Nigeria, Africa in the Raw, Gains Back Tourism

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Nigeria is not the most popular travel destination in Africa; decades of political unrest have given it a nasty reputation.

But, the Nigerian government is working hard to change all that and promote Nigeria’s outstanding natural beauty, wildlife and culture. Included in the ongoing initiative to promote tourism are education programmes to help locals see (and reap) the benefits of sustainable tourism practices and the importance of fostering the perception of Nigeria as a tourist-friendly destination.

There remain, however, certain reservations about travelling to Nigeria. The US government, for instance, has once again warned against holidaying in the country, especially as Lagos seems intent on retaining its reputation for undue violence and kidnappings in the Niger Delta continue.

Nigeria is also said to offer one of the “rawest” African experiences, and many travel guides recommend it only to those who have travelled to other African countries and are, to an extent, experienced.

Where to go

Despite what the American government thinks, Lonely Planet says that Lagos makes a fine destination, provided you take the proper precautions. But there are plenty of other places to go if the idea of Lagos makes you nervous.

  • Calabar is known as a stopover point for people travelling to Cameroon, but it’s a great destination in itself. Some of the highlights include Calabar Museum, which, in addition to its historical and cultural relevance, has the distinction of being designed and built in Glasgow and then shipped to the city to be constructed.There is also the Drill Monkey Rehab centre, which was established by American biologists Peter Jenkins and Liza Gadsby. It rescues and rehabilitates endangered Drill Monkeys which are subject to hunting and poaching and smuggling. Rehabilitated monkeys are released back into the wild at the Drill Ranch in the Afi Mountains near Calabar. Guests are encouraged to stay over at the Afi Mountain Ranch and try the forest canopy walkway there.Don’t forget the Cross River State Annual Christmas Festival, which includes live music, the Calabar Carnival, a regatta and traditional dancing. Excellent shopping opportunities abound in the old town, which boasts two markets: Watt Market for anything from clothes to live poultry and Marian Market, which consists mostly of fruit and veg.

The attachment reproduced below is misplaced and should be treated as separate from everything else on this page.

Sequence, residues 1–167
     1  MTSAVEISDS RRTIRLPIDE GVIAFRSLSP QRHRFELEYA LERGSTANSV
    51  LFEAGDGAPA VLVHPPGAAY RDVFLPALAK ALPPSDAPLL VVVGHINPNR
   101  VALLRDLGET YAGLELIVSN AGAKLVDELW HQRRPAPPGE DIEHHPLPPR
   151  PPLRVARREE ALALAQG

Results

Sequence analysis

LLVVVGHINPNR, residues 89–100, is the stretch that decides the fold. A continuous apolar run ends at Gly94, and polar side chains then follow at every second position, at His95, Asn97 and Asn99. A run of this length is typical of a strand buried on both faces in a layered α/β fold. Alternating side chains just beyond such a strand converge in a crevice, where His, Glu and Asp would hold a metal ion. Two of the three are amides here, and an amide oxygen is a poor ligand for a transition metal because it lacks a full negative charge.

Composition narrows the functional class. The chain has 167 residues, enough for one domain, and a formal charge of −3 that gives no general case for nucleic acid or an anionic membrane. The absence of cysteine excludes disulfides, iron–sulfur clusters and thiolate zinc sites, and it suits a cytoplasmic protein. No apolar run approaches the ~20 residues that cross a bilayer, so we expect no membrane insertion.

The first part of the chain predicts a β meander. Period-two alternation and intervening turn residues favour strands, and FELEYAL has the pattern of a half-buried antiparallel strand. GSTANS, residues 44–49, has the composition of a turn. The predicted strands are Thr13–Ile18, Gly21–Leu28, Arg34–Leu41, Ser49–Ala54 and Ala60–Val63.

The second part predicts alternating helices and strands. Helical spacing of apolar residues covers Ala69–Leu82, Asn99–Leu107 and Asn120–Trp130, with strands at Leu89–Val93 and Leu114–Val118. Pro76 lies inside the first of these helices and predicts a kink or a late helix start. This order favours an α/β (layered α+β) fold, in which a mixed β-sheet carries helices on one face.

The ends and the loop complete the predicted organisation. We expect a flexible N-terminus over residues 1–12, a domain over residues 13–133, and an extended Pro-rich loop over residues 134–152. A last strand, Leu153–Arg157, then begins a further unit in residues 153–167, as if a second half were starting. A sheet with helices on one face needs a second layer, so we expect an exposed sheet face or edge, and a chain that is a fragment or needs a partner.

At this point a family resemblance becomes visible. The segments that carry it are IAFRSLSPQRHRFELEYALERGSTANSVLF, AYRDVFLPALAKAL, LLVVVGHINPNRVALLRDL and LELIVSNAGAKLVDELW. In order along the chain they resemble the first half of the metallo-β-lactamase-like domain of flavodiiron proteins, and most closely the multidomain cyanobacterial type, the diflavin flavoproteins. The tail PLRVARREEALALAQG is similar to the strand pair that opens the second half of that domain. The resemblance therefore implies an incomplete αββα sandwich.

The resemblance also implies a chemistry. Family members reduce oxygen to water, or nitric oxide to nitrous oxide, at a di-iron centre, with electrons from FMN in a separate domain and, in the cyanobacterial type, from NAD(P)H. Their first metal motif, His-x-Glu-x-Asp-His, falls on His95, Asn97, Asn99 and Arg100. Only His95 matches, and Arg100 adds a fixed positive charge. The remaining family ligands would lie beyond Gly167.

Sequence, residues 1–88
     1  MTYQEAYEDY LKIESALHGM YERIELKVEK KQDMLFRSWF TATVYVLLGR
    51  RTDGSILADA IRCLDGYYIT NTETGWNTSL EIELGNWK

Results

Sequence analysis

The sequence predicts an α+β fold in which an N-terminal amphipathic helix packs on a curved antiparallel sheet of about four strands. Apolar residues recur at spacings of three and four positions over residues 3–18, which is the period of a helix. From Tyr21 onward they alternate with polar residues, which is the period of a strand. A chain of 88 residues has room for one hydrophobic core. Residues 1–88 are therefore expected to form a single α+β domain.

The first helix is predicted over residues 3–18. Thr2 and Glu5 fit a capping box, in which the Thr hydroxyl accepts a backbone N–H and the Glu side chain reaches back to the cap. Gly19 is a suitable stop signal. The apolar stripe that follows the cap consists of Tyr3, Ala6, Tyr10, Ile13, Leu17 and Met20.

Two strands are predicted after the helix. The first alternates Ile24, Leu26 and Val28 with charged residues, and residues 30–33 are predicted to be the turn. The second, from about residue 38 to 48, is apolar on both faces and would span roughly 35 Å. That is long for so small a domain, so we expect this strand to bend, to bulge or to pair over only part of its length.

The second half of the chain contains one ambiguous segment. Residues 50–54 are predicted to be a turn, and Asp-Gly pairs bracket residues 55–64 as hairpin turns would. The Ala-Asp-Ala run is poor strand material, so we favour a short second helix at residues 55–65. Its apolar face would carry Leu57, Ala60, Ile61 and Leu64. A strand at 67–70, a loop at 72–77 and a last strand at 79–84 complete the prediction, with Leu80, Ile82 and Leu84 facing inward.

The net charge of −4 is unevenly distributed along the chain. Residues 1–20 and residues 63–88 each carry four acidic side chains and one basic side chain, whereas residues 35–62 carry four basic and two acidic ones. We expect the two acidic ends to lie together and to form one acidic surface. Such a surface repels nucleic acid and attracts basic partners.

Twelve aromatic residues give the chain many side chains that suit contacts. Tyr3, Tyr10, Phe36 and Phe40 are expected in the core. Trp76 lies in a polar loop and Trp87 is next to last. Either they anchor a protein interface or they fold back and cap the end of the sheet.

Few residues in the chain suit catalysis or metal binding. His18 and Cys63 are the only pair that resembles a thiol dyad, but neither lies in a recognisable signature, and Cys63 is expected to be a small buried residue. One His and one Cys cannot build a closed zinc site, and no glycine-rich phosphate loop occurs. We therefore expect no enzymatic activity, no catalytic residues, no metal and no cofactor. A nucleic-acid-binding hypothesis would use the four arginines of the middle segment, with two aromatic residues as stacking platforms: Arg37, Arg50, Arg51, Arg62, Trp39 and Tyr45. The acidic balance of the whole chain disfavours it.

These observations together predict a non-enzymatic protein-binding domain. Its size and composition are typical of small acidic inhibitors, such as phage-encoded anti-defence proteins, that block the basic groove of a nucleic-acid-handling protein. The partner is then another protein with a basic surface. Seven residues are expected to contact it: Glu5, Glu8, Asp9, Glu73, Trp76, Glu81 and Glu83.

• The Oyo Yoruba Empire in south western Nigeria boasts picturesque Portuguese-style houses, but is also known for its school of Oshogobo Art and Oshun Shrine, which is dedicated to the goddess of fertility. Highlights include the annual Oshun Festival, which takes place at the end of the August, and which sees thousands of childless women descend on the shrine to beseech the goddess. Ife is an ancient town which still encapsulates Yoruba culture dating back to the 13th century.

Other attractions include:

  • If you want waterfalls you need to travel to the Kwara State to the Owu Falls, the steepest natural waterfall in West Africa. Jos City contains the Assop Falls.
  • The Ikogosi Warm Springs and the Wikki Warm Springs (in the Yankari Game Reserve) are a delight for tourists.
  • The coastline boasts sparkling beaches, coconut trees and mangrove swamps.
  • Kainji Lake Game Reserve in the Niger and Kwara states offers elephants, hippos, crocodiles and lions.
  • Birnin Kudu, in Jigawa State is the site of rock paintings that date back thousands of years.
  • Obudu Cattle Ranch in the Cross River State contains a waterfall, gorilla habitat and fantastic bird-watching opportunities.

Nigeria is slowly losing its reputation as a tourist no-go zone and starting to woo travellers with its natural diversity and rich culture. Screw up your courage and give it a go.

(image by Matthew Bowden, via Wikimedia Commons)

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